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  • Tuesday, June 16, 2009

    Paradise Lost ?

    Fish It Now - It'll Soon Be Remote
    so long - we hardly knew you
    .. Much has been said about the travel delay between Madison and Gibbon. On the other hand, not much has been said about what the impact of a safe road through the terminal stretch of Gibbon Canyon will have on fishing and catching.
    .. The advantages for the visiting public are manifold and apparent: new DOT Spec. Road, wide enough for condominiums on wheels, spectacular overlooks of the Gibbon Canyon and the valley, grades for modern machinery, - the list goes on & on.
    .. What then are the disadvantages? About 1.75 river miles of the most friendly pocket water in Yellowstone National Park will be very difficult to get to, (only a significant deterrent for those of us with rubber bands for legs.)
    .. The new alignment leaves the current road just above Tanker Curve, (and it's big, deep plunge pool,) the road then ascends to the ridge line for a ways then descends to the current road just above Gibbon Falls.
    .. Plans call for complete reclamation of the old roadbed. The grade stakes are already in place for most of it. Preliminary excavation and grading are already underway.
    .. That same stretch of water is also full of some sweet riffles, gentle glides, deep pools, (like the one just below Tanker Curve,) and of course the chance to catch Grayling, (we have a failing when it comes to this fish.)
    .. Currently this stretch of the Gibbon River is just coming into shape. A two fly rig in the riffles, (or anywhere for that matter,) will dredge up fish. The good folks at Parks' Fly Shop recommend a Trude & Prince combination.
    .. These are mature fish of the diminutive variety. 8"-11" is the norm. They are colorful, full of fight and willing. Both Brown Trout and Rainbow Trout are here, along with the Brook Trout and perhaps a Grayling. These are fish that live in a challenging environment and they are opportunistic feeders. Bless their hearts; they get pounded by those that know.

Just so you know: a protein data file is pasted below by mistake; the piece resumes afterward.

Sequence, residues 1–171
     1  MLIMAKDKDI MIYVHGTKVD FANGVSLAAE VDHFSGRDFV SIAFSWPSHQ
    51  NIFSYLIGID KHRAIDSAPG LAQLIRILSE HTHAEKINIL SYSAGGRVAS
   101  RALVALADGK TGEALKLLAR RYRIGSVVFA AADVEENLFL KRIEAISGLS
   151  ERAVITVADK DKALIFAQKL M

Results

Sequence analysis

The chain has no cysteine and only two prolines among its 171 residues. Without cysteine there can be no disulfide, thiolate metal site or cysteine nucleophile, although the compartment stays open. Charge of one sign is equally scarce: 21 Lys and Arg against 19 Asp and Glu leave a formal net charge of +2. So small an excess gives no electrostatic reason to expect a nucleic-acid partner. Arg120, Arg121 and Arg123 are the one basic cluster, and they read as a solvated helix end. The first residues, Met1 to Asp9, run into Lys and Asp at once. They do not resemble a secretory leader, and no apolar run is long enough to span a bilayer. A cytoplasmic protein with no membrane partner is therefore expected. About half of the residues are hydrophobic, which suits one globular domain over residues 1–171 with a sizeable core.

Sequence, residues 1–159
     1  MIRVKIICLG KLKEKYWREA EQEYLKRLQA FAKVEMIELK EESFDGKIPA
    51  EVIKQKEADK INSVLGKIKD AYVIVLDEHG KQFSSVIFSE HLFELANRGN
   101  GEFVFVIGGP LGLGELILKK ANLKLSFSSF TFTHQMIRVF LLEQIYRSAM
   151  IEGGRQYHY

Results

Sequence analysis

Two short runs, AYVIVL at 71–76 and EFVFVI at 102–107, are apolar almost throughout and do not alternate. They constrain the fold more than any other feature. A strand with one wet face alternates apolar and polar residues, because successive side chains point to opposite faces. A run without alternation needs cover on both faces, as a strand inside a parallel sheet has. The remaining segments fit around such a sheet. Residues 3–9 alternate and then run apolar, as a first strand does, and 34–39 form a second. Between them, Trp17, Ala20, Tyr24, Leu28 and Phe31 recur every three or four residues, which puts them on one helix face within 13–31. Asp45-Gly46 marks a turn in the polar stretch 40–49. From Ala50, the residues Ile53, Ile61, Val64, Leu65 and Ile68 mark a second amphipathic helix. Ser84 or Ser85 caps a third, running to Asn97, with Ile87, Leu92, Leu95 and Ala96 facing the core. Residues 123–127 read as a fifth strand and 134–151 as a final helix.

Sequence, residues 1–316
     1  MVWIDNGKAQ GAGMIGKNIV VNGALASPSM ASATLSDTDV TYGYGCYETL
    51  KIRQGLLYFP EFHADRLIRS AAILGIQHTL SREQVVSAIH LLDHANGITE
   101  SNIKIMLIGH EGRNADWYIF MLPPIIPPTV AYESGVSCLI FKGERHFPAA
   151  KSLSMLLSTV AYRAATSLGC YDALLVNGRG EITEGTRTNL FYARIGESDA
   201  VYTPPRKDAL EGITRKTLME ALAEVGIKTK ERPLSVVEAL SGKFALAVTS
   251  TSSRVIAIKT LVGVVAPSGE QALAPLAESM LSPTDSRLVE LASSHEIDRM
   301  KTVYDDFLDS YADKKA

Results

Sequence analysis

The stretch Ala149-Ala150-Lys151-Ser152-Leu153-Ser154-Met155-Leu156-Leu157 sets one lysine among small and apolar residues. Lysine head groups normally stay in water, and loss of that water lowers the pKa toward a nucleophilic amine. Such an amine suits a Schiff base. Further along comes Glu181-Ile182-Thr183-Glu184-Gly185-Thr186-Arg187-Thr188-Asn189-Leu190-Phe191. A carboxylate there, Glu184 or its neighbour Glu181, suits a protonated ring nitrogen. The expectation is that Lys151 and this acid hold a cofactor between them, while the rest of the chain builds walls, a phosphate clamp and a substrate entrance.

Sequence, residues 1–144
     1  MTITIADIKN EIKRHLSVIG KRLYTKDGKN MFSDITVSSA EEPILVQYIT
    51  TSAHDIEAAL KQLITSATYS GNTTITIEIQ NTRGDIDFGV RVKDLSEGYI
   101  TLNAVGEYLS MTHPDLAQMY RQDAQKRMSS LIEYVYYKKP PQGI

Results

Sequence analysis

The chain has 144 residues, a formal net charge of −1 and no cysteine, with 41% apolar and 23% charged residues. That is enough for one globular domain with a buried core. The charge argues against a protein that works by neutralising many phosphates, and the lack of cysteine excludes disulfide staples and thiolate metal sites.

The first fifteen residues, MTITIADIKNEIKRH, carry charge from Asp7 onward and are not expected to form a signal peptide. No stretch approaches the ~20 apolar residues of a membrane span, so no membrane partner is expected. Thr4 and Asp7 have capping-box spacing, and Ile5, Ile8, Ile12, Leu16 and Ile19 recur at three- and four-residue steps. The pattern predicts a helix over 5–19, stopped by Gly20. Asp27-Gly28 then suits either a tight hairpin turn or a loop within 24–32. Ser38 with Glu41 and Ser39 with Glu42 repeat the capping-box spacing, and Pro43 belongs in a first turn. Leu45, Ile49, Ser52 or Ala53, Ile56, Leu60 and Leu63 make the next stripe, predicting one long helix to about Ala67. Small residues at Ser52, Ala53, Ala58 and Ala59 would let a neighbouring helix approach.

.. Parking has always been problematic along this narrow stretch of road, and the fish have enjoyed a rather unmolested existence for most of the year.
    .. If the trophy 13"-14" fish is sought a single streamer in the pillows and pockets will produce results. A double fly rig with a Casual Dress followed by a Feather Duster is also worth a try in the tails of the pools.
    .. When hatches occur they tend to be highly localized in the Gibbon River Canyon. On the one hand the canyon waters are of a single cloth: on the other, each stretch has it's own character and personality. It's possible to find PMD's going strong in one pool and Caddis the ticket just a few hundred yards away.
    .. Some riffles are dotted with boulders, others are nearly smooth with barely apparent glassy spots. The rapids can be shallow and devoid of fish, or they can be interrupted by breaks and pockets that allow only a single approach.
    .. This is primer water. A few days on this section of the Gibbon River will introduce the novice and expert alike to a myriad of situations. The canyon waters are intimate and honest. Fish them while you can.
    .. Both the stream and the fish will probably be better off with the new road alignment. Fishing and catching may even improve with the difficulty of access. Right now it's worth the hassle of parking, walking, and dodging buses to fish the bits and pieces of this section. You may never again have the chance.